Epainette Mbeki, mother of former South African President Thabo Mbeki and revered anti-Apartheid activist, recently criticized the country's ruling African National Congress party which had pressured her son to resign in 2007.
Speaking to reporters at her home in Ngcingwane village in the Eastern Cape, the 96-year-old activist elder, affectionately known as "MaMbeki," lamented the current state of the ANC, which had led the resistance against the racialist segregation policies of Apartheid.
"Our ANC was the people's ANC, but the present one is not the people's party," Mbeki said, South African news agency Independent Online reported. "People don't know who to turn to, where to go and who represents them and how to get hold of them."
"Leaders don't know what we want and they feel like they don't owe us any explanation or that they are compelled to report to the people," she added.
Nevertheless, the ANC continues to have wide support, garnering two-thirds of the vote in the 2009 elections, even as economic disparities and problems persist.
"Maybe they're right when they said the ANC will rule forever because it is a big party and no matter what [is wrong with it] people love it and will vote again just for the name," Mbeki said, IOL reported.
Mbeki is now a member of the Congress of the People (COPE), which largely consists of former ANC members loyal to former President Mbeki, though it only holds less than 8 percent of the seats in parliament.
Mbeki also doled out special criticism for President Jacob Zuma, who had replaced her son as ANC leader and was elected to office in 2009.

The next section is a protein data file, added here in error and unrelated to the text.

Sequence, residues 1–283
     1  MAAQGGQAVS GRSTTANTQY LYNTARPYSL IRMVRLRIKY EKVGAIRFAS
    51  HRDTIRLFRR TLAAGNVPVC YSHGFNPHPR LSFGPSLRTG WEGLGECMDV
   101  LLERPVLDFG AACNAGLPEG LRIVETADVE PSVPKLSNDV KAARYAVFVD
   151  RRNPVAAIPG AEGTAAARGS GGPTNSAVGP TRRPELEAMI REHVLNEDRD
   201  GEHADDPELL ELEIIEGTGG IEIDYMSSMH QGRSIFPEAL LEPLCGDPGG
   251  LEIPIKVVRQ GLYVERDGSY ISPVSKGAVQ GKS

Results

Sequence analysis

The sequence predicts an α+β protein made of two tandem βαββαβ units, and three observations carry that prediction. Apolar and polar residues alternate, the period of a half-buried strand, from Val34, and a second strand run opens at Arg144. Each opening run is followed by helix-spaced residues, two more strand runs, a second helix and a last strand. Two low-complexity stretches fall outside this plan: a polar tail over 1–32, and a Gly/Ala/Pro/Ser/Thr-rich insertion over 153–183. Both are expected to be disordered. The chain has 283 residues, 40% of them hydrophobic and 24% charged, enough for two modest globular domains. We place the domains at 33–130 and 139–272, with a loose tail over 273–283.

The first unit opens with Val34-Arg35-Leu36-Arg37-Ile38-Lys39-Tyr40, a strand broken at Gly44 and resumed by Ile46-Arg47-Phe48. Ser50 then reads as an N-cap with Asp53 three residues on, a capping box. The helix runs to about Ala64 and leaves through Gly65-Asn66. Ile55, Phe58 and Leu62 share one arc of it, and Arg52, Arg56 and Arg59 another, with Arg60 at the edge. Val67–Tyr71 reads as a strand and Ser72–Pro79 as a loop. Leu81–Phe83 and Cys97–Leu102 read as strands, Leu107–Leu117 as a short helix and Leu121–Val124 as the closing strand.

"Zuma is not right because he doesn't have ideas that are his own. He accepts advice from anyone and allows their opinion and is bound to make wrong decisions because of this," she said, IOL reported.
"Zuma is bad, but could be better -- if he can make up his mind as a president and not allow confusion from people who want to use him to their own advantage. For reasons I don't know, he allows them."
Overall, Mbeki advised Zuma and the ANC to "come back to the people," citing a lack of communication between government leaders as the cause for public discontent and economic inequality.
"Service delivery protests wouldn't be so prevalent if there was better engagement between government, officials representing communities and the people at grass-roots level," Mbeki said, IOL reported.
"It is for this reason that development is very slow in rural areas because no one wants to come down and listen to us and understand our needs."